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Israeli Prime Minister Benjamin Netanyahu, fresh off his election win, said Thursday that he and President Obama have no choice but to work together despite their disagreement over Iran’s nuclear program.

“We’ll work together. We have to. We have our differences on Iran,” he told MSNBC’s Andrea Mitchell in an interview that will air in full on “Andrew Mitchell Reports.”

{mosads}He also defended his decision to come to the United States to blast the Iran nuclear talks before a joint meeting of Congress.

“By coming to the U.S., I didn’t mean any disrespect, or any attempt at partisanship,” he said. “I was merely speaking, Andrea, of something I view could endanger the survival of Israel. I felt it my obligation to speak up there.”

Netanyahu’s conservative Likud Party won a surprise victory in Tuesday’s parliamentary elections, which means he is likely to form a new coalition government and remain prime minister. The victory gives him new strength as he looks to stop a deal between Iran and Western powers.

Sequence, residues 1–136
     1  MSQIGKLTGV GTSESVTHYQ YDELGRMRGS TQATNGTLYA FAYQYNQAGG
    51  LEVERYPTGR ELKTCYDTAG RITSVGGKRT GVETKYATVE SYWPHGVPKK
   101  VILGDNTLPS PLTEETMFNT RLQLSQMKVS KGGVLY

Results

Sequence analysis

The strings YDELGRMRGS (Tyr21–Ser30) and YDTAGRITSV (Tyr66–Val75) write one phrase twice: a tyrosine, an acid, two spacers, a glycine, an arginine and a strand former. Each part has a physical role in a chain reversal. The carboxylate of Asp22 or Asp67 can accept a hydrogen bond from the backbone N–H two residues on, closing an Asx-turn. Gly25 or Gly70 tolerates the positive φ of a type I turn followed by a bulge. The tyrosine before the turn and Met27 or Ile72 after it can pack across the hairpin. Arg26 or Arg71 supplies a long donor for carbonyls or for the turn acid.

The Associated Press reported on Thursday that negotiators had sketched out a draft agreement that would require Iran to limit its nuclear centrifuges to 6,000 for at least 10 years. It currently operates around 10,000.

It remains to be seen whether the tension between Netanyahu and Obama will cool now that the Israeli leader has won reelection.

On Wednesday, the White House criticized Netanyahu’s decision to rally his conservative base by saying that Israeli Arabs were voting in higher numbers.

Obama has yet to call Netanyahu to congratulate him on his victory, and may not do so until he is selected to form a government. Secretary of State John Kerry called Netanyahu to congratulate him this week. 

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